GERMANY - Listed companies in Germany will set aside even more money for pension assets this year, continuing a trend towards "more manageable" retirement provision, according to Towers Watson.

Thomas Jasper, head of retirement solutions at Towers Watson Germany, told IPE that companies, notwithstanding the financial crisis, had put aside money "continuously" for their pension funds in recent years.

"We saw a lot more money going into pension plans last year than we did in 2010," he said.

He said many German companies had set up either CTAs or Pensionsfonds in recent years, and that they had committed more resources to pension fund asset management and risk management.

He added that the switch from defined benefit arrangements to "German-style defined contribution", with its legally required minimum guarantees, had encouraged the alignment of asset and liability management.

But Alfred Gohdes, head of actuarial consulting at Towers Watson Germany, pointed out that German companies were not seeking to achieve full funding for their pension funds.

He said companies preferred the flexibility of the German system, where they were not obliged to fully fund their pension liabilities in segregated and "effectively restricted" funds.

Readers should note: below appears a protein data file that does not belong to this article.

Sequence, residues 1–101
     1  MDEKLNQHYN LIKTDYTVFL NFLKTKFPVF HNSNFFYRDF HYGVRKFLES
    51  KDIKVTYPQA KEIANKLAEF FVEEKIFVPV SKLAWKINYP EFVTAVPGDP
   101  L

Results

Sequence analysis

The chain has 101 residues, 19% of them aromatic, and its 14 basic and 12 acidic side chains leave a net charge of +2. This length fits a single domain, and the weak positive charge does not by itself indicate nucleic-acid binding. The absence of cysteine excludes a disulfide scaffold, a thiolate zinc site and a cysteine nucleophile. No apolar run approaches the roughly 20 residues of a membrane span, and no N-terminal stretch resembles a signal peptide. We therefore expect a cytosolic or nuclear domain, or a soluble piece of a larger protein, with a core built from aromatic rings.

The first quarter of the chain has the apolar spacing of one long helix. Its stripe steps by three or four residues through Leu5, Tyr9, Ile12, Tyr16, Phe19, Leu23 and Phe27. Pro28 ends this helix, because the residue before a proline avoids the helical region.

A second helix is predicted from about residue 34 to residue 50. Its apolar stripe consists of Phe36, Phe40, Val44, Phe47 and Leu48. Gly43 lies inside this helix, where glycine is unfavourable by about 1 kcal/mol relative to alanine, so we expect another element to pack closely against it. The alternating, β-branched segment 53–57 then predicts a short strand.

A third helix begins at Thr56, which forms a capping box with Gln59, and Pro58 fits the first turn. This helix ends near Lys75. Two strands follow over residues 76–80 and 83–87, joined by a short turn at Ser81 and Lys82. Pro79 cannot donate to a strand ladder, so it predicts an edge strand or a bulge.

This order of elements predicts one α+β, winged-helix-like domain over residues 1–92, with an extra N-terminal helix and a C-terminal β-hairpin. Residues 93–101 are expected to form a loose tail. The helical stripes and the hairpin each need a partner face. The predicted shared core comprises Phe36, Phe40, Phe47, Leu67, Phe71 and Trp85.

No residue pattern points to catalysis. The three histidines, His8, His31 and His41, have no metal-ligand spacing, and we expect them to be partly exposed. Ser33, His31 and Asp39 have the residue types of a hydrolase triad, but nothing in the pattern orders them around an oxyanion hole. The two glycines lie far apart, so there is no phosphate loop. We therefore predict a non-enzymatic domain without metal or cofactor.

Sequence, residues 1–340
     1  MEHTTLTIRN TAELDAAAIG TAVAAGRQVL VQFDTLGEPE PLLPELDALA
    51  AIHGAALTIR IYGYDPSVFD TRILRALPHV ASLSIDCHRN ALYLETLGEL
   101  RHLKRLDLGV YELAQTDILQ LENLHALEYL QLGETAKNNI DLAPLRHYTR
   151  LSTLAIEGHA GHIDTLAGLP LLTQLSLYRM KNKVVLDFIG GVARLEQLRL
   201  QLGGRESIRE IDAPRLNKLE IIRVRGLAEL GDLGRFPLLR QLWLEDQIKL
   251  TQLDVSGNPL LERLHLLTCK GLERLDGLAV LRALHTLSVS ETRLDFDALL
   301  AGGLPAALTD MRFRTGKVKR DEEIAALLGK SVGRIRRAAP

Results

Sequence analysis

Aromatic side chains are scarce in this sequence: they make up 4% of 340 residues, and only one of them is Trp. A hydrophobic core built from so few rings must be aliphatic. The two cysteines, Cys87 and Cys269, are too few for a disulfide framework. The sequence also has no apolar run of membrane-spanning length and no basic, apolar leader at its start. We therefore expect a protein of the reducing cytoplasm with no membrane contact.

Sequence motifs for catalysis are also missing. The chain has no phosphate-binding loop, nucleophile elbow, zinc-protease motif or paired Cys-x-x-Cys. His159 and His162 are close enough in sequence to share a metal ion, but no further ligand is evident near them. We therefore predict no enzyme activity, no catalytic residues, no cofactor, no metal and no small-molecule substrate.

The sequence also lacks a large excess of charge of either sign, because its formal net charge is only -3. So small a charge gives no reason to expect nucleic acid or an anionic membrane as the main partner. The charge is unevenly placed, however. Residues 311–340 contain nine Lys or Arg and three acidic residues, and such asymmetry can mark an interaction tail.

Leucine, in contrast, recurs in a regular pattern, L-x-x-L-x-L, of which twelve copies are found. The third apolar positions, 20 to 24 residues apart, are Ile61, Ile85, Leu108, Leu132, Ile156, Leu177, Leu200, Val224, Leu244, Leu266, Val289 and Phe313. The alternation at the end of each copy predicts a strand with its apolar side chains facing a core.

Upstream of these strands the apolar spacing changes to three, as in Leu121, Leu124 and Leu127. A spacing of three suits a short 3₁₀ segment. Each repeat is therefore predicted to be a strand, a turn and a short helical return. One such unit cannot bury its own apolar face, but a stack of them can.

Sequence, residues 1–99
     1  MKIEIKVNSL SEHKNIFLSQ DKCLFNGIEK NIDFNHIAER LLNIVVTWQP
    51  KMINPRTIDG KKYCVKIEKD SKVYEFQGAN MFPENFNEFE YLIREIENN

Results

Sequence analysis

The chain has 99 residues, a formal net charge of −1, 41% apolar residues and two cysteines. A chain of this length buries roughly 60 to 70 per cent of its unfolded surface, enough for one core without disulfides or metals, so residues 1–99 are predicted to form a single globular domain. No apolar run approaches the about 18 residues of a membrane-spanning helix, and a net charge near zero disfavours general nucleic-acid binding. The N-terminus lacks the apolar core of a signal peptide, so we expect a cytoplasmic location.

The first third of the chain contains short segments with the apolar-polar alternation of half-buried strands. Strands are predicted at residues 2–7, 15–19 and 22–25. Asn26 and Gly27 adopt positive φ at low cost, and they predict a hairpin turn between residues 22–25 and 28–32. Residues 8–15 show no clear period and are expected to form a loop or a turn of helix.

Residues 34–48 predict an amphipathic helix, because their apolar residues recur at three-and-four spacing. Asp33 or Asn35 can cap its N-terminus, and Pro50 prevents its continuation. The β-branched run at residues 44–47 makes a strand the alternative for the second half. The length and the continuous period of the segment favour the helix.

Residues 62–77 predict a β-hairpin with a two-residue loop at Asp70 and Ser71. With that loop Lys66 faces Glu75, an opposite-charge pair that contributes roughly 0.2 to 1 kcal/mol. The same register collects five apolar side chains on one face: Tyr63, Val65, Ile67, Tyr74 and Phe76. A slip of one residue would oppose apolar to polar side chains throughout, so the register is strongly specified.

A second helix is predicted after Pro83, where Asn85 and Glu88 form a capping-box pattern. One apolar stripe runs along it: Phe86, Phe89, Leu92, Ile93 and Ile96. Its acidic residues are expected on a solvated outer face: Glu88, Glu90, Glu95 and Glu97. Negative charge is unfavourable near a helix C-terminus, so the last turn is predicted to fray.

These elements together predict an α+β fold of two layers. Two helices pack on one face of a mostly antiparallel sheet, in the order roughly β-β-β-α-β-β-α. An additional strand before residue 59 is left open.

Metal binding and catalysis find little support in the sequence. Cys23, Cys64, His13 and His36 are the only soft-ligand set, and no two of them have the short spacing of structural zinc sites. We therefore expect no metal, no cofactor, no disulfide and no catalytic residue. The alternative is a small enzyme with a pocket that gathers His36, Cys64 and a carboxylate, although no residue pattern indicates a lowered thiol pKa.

However, Gohdes added that companies had seen the benefits of setting aside more money for their pension schemes to make payouts more manageable in the long term.

Like its rival Mercer, Towers Watson calculated a stable funding level for the pension funds for the 30 largest companies in the German stock exchange index (DAX), at around 65%.

In addition to a 3% actual return on plan assets, the €9.4bn paid by companies into their pension plans helped offset an increase in liabilities caused by interest cost and a 15 basis point drop in average discount rates, Towers Watson said. 

With respect to asset allocation, Jasper noted that company schemes had reduced their equity exposure "well in time", while at the same time putting in place hedging strategies.

On average, DAX pension plans had around 21% in equities at year-end 2011, compared with 30% in 2007 before the crisis.

Gohdes added that the 3% return achieved in 2011 was well above the benchmark return of 1%, which Towers Watson had calculated at the beginning of last year based on the average asset allocation at the time.

Given the performance, Gohdes said companies estimating expected returns at 5% was "about right" in the long term, as company pension plans had much more exposure to return-seeking asset classes such as equities, alternatives and real estate than, say, German insurers.